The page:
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Proceedings Paper

Demonstration of advanced solid state ladar (DASSL)
Author(s): Kent W. Broome; Anne M. Carstens; J. Roger Hudson; Kenneth L. Yates
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Paper Abstract

The Armament Directorate of Wright Laboratory is tasked with pursuing technologies that lead towards autonomous guidance for conventional munitions. Seeker technologies pursued include SAR, imaging infrared, millimeter wave, and laser radar seekers. Laser Radar, or LADAR, systems using uncooled diode pumped solid state lasers operating around 1 micrometers are active sensors providing high resolution range and intensity imagery. LADAR is not susceptible to variations common to thermal IR systems, allowing greater simplicity of autonomous target acquisition algorithms. Therefore, LADAR sensors combined with advanced algorithms provide robust seeker technology capable of autonomous precision guidance. The small smart bomb (SSB) is a next generation weapon concept requiring this precision guidance. The 250 pound SSB penetrator provides the lethality of 2000 pound penetrators by delivering 50 pounds of high explosive with surgical precision. Space limitations, tightly controlled impact conditions, and high weapon velocities suggest laser radar as a candidate seeker. This paper discusses phase I of the DASSL program in which SSB weapon requirements are flowed down to seeker requirements through a structured system requirement analysis, and discusses how these seeker requirements affect seeker design.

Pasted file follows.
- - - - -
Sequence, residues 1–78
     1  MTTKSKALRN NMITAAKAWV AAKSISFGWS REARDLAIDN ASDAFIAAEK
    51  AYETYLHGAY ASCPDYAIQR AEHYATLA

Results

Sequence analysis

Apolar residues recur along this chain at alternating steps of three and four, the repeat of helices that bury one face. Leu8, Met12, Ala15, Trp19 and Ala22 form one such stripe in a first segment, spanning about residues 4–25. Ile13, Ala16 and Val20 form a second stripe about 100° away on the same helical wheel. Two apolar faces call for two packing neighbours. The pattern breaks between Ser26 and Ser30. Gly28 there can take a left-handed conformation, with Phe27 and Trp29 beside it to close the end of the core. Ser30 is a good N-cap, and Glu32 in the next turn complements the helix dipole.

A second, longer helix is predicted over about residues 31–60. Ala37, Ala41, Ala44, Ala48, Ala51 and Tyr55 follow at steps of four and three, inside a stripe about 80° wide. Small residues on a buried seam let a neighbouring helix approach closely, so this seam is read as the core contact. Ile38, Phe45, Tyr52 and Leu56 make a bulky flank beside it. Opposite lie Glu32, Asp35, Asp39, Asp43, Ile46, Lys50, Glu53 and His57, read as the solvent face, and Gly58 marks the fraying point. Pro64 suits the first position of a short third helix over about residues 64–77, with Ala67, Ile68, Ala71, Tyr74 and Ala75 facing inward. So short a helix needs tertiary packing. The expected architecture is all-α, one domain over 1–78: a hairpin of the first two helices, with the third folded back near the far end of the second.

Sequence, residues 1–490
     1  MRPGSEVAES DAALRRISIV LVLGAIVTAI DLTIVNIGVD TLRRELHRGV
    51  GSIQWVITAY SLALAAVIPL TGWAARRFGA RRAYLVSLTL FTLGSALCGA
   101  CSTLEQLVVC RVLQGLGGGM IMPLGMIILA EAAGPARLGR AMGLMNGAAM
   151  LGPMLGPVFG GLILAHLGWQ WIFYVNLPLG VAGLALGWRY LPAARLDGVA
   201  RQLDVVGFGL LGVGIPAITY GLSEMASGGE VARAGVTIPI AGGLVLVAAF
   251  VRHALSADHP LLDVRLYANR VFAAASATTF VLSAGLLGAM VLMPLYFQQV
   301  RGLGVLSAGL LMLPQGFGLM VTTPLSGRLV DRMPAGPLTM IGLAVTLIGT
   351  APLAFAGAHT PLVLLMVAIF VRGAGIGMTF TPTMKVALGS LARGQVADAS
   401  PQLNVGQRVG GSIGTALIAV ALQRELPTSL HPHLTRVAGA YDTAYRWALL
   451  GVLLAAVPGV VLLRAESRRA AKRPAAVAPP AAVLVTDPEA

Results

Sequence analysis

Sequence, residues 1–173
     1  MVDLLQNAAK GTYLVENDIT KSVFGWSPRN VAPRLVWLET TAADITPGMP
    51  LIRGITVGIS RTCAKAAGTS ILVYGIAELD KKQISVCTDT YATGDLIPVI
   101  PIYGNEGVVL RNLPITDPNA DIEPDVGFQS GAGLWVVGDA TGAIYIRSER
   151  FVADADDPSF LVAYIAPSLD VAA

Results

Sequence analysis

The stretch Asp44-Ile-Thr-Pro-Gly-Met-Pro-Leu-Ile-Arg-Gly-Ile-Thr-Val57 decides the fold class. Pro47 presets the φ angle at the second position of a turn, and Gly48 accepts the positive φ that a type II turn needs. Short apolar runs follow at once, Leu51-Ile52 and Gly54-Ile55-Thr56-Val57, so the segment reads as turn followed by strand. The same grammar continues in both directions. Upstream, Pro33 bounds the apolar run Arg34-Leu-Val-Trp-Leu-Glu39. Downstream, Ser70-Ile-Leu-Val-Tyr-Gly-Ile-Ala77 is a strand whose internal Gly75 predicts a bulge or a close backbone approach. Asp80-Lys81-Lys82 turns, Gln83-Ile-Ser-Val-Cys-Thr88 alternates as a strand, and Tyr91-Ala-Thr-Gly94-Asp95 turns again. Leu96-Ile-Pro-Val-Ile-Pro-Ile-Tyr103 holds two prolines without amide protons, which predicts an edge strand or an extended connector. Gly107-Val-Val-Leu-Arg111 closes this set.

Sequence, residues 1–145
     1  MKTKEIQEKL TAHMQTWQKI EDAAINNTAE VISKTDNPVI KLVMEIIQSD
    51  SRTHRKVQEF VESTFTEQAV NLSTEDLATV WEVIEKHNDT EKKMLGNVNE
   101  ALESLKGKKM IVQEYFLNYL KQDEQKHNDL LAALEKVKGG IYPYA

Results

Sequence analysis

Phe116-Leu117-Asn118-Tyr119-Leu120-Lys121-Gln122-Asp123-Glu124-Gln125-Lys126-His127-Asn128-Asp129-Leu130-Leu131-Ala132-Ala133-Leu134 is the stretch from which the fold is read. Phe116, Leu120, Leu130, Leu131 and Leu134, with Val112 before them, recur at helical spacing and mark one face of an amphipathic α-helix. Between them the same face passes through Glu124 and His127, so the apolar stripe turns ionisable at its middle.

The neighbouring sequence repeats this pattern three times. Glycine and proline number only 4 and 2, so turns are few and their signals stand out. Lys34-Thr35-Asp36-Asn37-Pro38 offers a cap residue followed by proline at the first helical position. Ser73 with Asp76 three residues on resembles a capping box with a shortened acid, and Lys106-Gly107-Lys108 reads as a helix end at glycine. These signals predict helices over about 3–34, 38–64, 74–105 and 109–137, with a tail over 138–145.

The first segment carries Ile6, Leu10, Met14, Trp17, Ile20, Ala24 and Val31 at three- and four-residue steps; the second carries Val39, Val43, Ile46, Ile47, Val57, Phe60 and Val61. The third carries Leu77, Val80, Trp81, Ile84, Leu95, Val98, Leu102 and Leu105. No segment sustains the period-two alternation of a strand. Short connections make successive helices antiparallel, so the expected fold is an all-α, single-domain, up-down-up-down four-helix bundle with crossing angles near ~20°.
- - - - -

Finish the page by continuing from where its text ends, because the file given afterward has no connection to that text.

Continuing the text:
Paper Details

Date Published: 6 August 1997
PDF: 10 pages
Proc. SPIE 3065, Laser Radar Technology and Applications II, (6 August 1997); doi: 10.1117/12.281004
Show Author Affiliations
Kent W. Broome, Air Force Research Lab. (United States)
Anne M. Carstens, Air Force Research Lab. (United States)
J. Roger Hudson, Air Force Research Lab. (United States)
Kenneth L. Yates, Air Force Research Lab. (United States)

Published in SPIE Proceedings Vol. 3065:
Laser Radar Technology and Applications II
Gary W. Kamerman, Editor(s)

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